Month of the Feedback
Feedback is an important part of the educational process. It shows students where they are in the learning process and what they need to improve. Good feedback bridges the gap between the student’s current level of ability and the level they need to achieve. For feedback to be effective, it must be aligned with the course’s learning objectives and it must motivate students to strive for the ability level that is expected of them. With peer feedback, students receive most of their feedback from their classmates.
- Providing feedback is a way to help students achieve their academic goals. That’s why it’s best to provide feedback early – on draft versions of assignments and papers, for example, rather than the final product.
- Providing feedback throughout a course can be very labour-intensive for teachers. Peer feedback solves that problem. It reduces stress on the teacher while at the same time teaching students how to give and receive feedback.
- Using the supported online feedback tools, you can create an effective and efficient feedback process that allows students to share and receive feedback whenever and wherever they like.
Feedback, as the word implies, means to provide value. In education, feedback is a practice that supports and stimulates the process of learning. Effective feedback is, among other things, purposeful and specific in addressing both what is going well and what could be going better. John Hattie and Helen Timperley performed a meta-analysis in 2007 in which they concluded that feedback is one the most impactful aspects of learning. That impact on the learner can be positive or negative. To ensure a positive impact, Hattie and Timperley state, effective feedback must answer three questions: 1. Where am I headed? 2. Where am I now? 3. What is the next step I can take? The answers to those questions are sometimes called feed up, feedback and feed forward, respectively. The goal you’re working towards is important for every next step you take. In education, both givers and receivers of feedback can (and should) ask themselves these three questions. Feedback can be provided by teachers or, just as valuably, by fellow students.
Beside the effectiveness of its contents, there are many factors that influences whether students will make use of the feedback they receive. Those factors include the student or teacher’s characteristics and behaviours and the context within which feedback is provided (Winstone et al., 2017). Students are sometimes incorrectly thought of as passive recipients of advice (Winstone et al., 2017), when they should be actively working through their feedback to make the most of it. There is a challenge here: How do we, as educators, make students actively seek out feedback and work with it, making the whole process of feedback a shared responsibility?
Hattie, J., & Timperley, H. (2007). The power of feedback. Review of Educational Research, 77,
Winstone, N. E., Nash, R. A., Parker, M., & Rowntree, J. (2017). Supporting learners’ agentic
engagement with feedback: A systematic review and a taxonomy of recipience processes. Educational Psychologist, 52, 17-37.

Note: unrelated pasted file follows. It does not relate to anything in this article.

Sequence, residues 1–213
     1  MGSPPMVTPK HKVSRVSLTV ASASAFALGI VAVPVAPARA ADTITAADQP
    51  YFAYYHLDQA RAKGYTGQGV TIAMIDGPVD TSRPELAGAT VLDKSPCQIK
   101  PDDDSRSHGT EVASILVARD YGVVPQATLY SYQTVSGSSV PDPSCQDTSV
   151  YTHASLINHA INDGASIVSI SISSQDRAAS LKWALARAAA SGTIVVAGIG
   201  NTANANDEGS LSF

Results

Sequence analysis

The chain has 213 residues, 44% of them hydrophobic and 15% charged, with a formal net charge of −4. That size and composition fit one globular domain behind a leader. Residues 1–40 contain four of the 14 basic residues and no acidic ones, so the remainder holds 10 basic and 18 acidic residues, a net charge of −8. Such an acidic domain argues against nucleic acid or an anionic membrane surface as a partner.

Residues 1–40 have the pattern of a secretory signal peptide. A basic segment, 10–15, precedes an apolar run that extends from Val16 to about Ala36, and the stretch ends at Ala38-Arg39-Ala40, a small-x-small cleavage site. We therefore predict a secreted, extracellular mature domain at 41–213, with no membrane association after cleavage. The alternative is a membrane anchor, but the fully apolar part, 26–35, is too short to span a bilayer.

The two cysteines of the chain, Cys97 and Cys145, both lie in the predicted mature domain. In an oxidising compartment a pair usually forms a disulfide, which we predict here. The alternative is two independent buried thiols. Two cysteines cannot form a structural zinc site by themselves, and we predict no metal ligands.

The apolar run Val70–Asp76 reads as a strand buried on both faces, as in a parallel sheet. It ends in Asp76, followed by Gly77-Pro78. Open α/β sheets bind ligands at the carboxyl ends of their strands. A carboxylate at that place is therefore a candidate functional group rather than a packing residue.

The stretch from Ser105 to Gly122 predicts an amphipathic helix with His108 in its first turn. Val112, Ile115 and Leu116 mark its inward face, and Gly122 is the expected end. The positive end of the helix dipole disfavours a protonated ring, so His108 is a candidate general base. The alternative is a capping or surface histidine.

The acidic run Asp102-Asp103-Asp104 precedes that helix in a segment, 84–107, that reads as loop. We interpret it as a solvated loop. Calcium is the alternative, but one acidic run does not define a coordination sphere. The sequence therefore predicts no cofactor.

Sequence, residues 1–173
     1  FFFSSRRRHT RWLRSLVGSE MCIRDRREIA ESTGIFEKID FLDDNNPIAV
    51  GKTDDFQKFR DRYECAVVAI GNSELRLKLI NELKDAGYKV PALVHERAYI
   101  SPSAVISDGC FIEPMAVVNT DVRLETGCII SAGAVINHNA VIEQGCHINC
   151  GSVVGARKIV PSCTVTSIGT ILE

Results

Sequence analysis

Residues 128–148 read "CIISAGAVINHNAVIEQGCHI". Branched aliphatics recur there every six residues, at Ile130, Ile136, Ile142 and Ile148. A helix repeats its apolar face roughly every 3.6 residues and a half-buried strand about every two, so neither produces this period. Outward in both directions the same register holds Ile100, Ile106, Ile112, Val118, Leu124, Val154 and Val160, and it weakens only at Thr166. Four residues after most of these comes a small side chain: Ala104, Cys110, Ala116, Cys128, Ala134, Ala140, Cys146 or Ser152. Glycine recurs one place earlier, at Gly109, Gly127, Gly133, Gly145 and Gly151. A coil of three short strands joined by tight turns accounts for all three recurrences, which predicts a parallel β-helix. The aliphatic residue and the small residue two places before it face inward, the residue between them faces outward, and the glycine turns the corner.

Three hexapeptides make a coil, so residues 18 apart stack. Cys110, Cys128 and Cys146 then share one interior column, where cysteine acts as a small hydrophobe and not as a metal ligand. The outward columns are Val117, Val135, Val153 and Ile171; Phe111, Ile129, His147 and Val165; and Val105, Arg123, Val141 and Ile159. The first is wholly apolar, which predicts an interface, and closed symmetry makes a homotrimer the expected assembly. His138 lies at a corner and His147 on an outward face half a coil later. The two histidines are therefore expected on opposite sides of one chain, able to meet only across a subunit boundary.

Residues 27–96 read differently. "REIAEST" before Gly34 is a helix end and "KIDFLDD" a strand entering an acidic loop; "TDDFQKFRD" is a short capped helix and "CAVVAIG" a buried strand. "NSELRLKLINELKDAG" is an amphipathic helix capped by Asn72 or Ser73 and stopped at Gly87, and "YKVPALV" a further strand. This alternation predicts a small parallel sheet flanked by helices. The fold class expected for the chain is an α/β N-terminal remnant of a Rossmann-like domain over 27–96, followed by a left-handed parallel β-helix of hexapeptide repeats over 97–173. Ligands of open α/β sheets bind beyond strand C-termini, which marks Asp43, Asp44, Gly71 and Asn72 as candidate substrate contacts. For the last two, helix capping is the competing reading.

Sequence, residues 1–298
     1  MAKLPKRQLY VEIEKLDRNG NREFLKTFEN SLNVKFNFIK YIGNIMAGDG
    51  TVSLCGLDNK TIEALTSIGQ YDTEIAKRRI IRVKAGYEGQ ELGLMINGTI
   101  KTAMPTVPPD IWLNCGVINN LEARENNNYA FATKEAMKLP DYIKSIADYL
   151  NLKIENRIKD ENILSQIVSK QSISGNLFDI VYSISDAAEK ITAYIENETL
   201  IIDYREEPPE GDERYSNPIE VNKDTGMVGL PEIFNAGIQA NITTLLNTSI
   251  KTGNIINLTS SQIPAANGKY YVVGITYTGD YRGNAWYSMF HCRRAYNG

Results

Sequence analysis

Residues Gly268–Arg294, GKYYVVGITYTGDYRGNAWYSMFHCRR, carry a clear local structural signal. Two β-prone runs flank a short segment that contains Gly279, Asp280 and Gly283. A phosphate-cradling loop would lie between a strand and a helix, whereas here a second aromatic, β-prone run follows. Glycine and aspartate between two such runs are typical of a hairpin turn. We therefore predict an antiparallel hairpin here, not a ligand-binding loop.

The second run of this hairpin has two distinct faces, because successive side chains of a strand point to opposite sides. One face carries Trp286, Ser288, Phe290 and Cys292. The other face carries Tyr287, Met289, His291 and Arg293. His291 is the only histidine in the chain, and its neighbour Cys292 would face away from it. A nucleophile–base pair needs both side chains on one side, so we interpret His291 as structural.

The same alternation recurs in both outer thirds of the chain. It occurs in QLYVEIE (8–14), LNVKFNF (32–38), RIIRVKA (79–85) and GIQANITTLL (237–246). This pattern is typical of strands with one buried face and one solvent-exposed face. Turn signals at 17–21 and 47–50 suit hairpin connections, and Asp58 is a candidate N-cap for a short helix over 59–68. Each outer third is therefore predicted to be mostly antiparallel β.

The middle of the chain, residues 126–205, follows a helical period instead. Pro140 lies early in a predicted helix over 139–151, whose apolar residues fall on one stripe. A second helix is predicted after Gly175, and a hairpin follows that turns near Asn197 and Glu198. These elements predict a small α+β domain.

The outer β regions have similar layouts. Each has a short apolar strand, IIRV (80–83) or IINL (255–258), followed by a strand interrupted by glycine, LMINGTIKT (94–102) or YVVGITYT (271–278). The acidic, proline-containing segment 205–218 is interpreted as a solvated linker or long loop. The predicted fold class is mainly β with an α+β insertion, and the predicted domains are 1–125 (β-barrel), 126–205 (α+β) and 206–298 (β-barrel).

How can Educate-it help?
TAKE PART IN OUR THEMED ACTIVITIES
Do a workshop
Take the online training course - This online training course is all about the dos and don'ts of using (peer) feedback. You'll learn what (peer) feedback is, how to use it most effectively and what to look out for if you start using (peer) feedback in your course. Go to the training course.
Revisely is an online tool for grading of written assignments.
Pitch2Peer is a online environment in which students can upload pitches.
- Feedbackfruits (Group Member Evaluation, Peer review & Assignment review)
This tool allows you to evaluate group work by having the students give feedback to each other.
Peergrade is an online platform for giving and receiving peer feedback on your assignments .
Talk it through – Discuss your plans with a didactic advisor for targeted advice or a custom solution.
Visit the Academy circle – For some background information on knowledge clips, click on knowledge clips in the circle.
Have you been inspired, but are you mostly interested in what we can offer besides (peer) feedback?
The following workshops are also available:
- Effective Digital Assessment (12-09-2019)
- (Her)ontwerp je onderwijs met blended learning (23-09-2019)
- Workshops Analysing a Remindo assessment (26-09-2019)
Questions? Looking for support? Contact Educate-it.
Is now not a good time? There’s another Month of the Feedback coming in September 2019.
Your fellow teachers share their experience
- Filius, R. M., Kleijn, R. A. M., Uijl, S. G., Prins, F. J., van Rijen, H. V. M., & Grobbee, D. E. (2018c). Strengthening dialogic peer feedback aiming for deep learning in SPOCs. Computers and Education. 125(10), pp. 86-100. http://dx.doi.org/10.1016/j.compedu.2018.06.004
- Filius, R. M., Kleijn, R. A. M., Uijl, S. G., Prins, F. J., van Rijen, H. V. M., & Grobbee, D. E. (2018b). Promoting deep learning through online feedback in SPOCs. Frontline Learning Research. DOI: 10.14786/flr.v6i2.350